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Broad-based Stanford Study Recommends Changes in California Education in Four Main Areas

September 20, 2018

On Sept. 17, Stanford University and PACE (Policy Analysis for California Education) released Getting Down to Facts II - a large research study that gives a broad overview of education in California, incorporating information drawn from some three dozen research projects, to create a “state of the state” profile of education in the Golden State. The study is a collaboration of researchers from institutions across the country coordinated by Stanford University, and led by Professor Susanna Loeb, now director of the Annenberg Institute at Brown University.

The findings demonstrate that if California stays the course with reforms in place while addressing significant gaps in implementation capacity, finance, and early education, the State’s schools will continue to move in the right direction. Comprising 36 studies researched by more than 100 investigators from across the nation and disseminated by Policy Analysis for California Education (PACE), GDTFII covers four main areas: Student Success, Governance, Personnel, and Finance.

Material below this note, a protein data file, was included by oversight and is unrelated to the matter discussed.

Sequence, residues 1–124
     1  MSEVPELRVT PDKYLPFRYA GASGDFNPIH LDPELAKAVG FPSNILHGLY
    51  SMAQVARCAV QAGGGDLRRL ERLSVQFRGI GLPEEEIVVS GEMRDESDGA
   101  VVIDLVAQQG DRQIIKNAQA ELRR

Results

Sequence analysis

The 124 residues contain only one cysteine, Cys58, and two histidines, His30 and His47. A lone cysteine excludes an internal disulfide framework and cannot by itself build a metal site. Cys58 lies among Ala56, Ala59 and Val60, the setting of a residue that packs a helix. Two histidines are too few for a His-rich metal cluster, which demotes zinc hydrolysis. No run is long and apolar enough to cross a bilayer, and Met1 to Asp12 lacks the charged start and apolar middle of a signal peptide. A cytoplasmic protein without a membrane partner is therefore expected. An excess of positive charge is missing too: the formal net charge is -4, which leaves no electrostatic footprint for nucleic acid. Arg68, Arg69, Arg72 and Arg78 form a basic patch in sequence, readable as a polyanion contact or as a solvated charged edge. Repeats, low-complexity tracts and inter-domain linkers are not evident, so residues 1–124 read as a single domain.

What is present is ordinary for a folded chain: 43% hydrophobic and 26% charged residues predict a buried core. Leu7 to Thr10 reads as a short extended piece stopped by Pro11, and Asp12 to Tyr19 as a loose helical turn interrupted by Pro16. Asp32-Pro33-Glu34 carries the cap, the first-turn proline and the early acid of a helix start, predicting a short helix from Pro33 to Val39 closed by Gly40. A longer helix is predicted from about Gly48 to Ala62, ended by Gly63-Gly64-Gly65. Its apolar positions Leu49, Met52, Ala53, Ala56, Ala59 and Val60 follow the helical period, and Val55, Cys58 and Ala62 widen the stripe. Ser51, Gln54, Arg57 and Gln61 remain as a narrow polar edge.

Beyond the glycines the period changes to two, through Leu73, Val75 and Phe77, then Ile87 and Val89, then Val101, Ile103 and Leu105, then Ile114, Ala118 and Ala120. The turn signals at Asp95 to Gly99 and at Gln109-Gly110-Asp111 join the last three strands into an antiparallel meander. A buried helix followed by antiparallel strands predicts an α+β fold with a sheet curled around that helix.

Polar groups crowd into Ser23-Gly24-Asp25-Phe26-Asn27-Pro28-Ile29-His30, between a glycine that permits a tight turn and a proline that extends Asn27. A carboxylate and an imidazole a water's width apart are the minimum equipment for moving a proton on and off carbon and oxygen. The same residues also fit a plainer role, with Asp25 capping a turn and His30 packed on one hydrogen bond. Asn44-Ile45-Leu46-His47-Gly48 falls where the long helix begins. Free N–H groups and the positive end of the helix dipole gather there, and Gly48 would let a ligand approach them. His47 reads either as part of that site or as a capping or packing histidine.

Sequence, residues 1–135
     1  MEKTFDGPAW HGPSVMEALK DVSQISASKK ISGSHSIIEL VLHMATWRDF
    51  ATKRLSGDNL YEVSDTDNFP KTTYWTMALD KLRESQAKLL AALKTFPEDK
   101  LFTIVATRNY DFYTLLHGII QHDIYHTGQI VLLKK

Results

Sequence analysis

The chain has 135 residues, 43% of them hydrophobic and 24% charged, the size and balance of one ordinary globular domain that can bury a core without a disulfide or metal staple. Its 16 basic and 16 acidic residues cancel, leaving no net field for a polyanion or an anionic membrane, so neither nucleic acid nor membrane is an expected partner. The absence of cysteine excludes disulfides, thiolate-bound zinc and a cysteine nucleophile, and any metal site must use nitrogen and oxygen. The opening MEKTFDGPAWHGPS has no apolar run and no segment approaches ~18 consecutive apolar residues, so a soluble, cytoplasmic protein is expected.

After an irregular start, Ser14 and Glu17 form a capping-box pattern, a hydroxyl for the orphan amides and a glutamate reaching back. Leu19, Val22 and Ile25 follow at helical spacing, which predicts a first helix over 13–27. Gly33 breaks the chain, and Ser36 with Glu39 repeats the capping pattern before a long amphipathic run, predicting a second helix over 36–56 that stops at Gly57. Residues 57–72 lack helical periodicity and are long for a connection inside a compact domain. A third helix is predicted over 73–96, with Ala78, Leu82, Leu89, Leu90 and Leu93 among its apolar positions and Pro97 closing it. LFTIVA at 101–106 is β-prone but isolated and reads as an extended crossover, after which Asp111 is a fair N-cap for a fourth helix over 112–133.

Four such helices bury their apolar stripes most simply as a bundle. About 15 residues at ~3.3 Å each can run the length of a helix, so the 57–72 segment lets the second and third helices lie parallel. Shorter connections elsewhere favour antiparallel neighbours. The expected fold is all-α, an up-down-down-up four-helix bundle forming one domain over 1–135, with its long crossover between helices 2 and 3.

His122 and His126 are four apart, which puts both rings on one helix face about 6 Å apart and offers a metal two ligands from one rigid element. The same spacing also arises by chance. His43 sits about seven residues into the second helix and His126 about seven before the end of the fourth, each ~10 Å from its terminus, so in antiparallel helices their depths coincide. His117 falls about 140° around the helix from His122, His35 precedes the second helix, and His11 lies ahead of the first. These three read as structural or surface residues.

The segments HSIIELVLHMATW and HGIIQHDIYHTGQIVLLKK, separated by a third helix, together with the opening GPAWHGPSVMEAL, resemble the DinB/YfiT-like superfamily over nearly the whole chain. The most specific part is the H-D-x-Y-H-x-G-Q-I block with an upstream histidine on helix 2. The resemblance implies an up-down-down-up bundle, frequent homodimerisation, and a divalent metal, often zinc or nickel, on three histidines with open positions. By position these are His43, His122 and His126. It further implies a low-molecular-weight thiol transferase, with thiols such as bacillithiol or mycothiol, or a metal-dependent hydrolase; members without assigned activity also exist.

The research evidence suggests that state leaders should focus on:

Building on Current Reforms

  1. California still lags the nation in achievement in reading and math, even when accounting for income and racial/ethnic differences, but the state’s students have been performing better over time and have been increasing at a faster rate than the rest of the nation.
  2. Superintendents, principals, teachers, state and regional education leaders widely support recent reforms. In the areas of finance, standards and information infrastructure, California has improved. However, the state falls short of realizing the potential of these new systems because of serious capacity limitations.